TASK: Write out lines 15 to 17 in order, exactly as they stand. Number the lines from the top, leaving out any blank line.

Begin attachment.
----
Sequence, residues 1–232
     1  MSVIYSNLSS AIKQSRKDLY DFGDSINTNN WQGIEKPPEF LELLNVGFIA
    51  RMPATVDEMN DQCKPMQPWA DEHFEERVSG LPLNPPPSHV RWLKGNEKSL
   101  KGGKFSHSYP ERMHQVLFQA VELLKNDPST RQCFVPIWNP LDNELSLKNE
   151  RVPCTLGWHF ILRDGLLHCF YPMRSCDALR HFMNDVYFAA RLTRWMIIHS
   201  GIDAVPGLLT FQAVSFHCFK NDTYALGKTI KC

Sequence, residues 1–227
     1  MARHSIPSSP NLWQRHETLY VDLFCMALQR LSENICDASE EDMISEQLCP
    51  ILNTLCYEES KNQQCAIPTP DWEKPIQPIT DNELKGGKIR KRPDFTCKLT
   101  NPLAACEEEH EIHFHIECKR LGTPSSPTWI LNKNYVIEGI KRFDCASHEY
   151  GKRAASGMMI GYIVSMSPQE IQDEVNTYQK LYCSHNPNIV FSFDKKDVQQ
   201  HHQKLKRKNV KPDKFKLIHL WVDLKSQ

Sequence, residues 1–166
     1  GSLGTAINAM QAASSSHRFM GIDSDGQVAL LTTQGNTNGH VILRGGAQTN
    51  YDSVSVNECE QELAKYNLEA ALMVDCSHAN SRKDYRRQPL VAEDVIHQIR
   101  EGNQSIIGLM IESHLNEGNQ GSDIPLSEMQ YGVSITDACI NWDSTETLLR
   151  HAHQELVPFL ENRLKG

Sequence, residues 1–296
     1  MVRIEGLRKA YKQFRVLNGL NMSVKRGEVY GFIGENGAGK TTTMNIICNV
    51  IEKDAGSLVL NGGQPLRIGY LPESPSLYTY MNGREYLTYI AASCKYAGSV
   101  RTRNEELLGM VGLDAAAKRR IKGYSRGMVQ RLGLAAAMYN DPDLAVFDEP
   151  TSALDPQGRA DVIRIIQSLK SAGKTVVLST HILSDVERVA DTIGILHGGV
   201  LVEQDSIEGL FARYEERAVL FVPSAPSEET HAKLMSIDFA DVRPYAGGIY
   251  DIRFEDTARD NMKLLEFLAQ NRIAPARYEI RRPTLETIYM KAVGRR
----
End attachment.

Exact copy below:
    51  YDSVSVNECE QELAKYNLEA ALMVDCSHAN SRKDYRRQPL VAEDVIHQIR
   101  EGNQSIIGLM IESHLNEGNQ GSDIPLSEMQ YGVSITDACI NWDSTETLLR
   151  HAHQELVPFL ENRLKG